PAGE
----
Interestingly though, in their first years in office, both Presidents Obama and Trump saw a 100 percent increase in the number of homicide events from the year prior. To add more context, the two years prior to Obama’s first year in office saw an increase in ideologically motivated homicides, while the two years prior to Trump’s first year saw a gradual decrease.
A typical year
Our data show that based on frequency alone, 2017 had an average number of far-right ideologically motivated homicides. It also had far fewer than the peak of 19 incidents committed in 1999. That year, portions of the far-right movement were consumed with the end of the millennium. A combination of the fear of mass technological failure, as well as religious beliefs related to the Christian apocalypse, may have created a climate that increased the motivation to act during that period.
When considering patterns across time, however, there was a 100 percent increase in activity from 2016 to 2017. That’s the same percent change seen from 2008 to 2009, during Obama’s first year in office. These first years of the Obama and Trump presidencies constitute an atypical increase in far-right extremist mobilization toward violent criminal activity.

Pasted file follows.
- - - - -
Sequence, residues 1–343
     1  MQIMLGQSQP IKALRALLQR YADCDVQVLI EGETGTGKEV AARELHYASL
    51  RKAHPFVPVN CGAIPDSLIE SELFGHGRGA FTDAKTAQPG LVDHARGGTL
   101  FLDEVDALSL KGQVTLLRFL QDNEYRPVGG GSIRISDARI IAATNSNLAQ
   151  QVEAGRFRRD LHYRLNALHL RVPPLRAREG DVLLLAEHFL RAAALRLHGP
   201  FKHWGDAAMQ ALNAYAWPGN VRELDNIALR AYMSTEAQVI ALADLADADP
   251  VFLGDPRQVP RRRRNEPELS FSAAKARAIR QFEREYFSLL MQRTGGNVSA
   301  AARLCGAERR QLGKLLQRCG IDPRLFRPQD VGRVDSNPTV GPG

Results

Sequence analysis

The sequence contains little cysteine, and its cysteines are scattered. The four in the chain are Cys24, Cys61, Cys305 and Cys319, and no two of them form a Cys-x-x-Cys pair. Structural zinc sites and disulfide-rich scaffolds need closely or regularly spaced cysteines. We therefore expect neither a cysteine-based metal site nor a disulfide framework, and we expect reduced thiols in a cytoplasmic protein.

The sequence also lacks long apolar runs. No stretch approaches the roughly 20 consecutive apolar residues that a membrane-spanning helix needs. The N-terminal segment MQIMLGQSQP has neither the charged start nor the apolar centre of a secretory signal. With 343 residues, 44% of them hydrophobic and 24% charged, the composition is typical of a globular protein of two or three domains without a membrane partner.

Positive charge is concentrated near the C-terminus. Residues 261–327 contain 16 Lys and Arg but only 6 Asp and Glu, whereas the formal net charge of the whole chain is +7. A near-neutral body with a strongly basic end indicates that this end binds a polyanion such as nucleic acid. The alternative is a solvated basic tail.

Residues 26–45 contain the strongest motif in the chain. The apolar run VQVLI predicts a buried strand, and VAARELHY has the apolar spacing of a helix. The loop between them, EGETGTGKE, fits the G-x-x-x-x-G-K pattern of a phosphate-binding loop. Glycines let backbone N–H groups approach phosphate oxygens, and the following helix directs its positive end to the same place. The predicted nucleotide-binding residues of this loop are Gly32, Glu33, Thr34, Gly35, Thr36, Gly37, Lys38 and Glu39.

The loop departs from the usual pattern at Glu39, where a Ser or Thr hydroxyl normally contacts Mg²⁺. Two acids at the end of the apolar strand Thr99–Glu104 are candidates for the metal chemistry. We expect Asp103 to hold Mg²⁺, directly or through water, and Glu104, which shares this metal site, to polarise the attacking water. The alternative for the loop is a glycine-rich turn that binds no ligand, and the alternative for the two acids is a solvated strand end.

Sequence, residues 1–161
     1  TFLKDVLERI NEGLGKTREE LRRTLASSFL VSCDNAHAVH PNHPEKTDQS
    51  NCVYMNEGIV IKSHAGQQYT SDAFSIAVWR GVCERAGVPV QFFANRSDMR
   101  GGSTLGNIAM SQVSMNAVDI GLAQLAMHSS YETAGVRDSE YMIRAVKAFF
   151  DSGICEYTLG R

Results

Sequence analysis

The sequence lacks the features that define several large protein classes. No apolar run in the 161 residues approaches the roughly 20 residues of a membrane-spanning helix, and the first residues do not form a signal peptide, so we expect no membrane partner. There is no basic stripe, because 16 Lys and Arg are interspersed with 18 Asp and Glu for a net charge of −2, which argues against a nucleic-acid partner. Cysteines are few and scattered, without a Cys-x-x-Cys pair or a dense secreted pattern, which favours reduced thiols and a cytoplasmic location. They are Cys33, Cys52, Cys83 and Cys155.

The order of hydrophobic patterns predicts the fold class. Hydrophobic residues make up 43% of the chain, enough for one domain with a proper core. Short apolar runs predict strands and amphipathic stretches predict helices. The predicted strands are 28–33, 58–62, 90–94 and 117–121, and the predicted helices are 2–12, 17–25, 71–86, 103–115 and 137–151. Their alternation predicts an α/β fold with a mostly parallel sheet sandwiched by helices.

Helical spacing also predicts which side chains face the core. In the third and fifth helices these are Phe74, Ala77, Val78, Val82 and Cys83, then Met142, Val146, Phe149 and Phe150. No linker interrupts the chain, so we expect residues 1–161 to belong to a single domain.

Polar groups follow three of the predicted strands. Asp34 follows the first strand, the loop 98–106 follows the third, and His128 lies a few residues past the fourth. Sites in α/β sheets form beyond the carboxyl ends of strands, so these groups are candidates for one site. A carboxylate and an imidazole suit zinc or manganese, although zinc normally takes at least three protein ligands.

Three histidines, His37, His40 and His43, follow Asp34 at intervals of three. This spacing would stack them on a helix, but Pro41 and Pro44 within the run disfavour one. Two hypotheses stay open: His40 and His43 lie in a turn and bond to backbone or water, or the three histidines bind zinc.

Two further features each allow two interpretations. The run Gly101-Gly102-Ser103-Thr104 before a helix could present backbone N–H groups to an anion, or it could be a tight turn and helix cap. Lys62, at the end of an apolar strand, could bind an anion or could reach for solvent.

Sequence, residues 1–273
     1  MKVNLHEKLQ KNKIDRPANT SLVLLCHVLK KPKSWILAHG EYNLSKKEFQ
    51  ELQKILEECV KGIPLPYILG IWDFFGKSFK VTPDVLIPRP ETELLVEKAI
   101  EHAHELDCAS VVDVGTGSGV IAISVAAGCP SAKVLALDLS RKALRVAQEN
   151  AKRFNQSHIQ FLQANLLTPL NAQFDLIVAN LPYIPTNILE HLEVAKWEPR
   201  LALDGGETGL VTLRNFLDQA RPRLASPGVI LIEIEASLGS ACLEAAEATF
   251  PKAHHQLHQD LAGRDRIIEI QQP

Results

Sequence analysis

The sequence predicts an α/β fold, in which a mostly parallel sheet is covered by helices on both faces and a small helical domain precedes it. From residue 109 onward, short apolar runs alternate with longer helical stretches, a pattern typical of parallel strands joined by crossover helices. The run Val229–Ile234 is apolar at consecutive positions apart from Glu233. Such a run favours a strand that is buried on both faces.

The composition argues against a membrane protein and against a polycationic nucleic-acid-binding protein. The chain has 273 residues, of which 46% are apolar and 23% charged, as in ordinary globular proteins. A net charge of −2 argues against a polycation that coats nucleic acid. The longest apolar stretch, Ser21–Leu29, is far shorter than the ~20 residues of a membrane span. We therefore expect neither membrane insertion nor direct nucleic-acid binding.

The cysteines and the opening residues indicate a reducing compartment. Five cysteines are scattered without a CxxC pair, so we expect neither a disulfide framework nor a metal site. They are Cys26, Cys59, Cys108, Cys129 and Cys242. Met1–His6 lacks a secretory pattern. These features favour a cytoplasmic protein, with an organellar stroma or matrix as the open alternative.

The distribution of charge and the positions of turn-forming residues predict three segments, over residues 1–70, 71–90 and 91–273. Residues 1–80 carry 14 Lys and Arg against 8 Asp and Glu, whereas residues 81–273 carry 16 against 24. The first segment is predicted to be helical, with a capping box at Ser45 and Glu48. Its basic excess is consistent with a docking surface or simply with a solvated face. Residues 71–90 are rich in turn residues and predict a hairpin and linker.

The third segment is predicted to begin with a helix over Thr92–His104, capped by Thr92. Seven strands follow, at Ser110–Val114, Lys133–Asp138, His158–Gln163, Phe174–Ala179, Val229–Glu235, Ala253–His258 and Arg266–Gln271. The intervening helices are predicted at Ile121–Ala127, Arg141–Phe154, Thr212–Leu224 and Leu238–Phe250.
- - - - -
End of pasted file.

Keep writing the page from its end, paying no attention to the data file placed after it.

Here’s another interesting question: If the number of fatal far-right extremist attacks in 2017 was average, why is there a perception of an increase?
Ideologically motivated homicides are not the only way to measure extremism. For example, failed extremist attacks and other nonfatal criminal activities, like aggravated assaults, could impact both media coverage and public discourse on far-right violence.
In addition, our data only highlighted crimes. Legal activity by extremists, such as the polarization of campus speaking events, rallies to protest the removal of Confederate monuments and the propagation of far-right memes through social media could be driving this perception.
Similarly, we have not looked at overall bias incidents. These include discriminatory crimes against racial, religious and other social groups that may be committed by persons associated with extremist movements.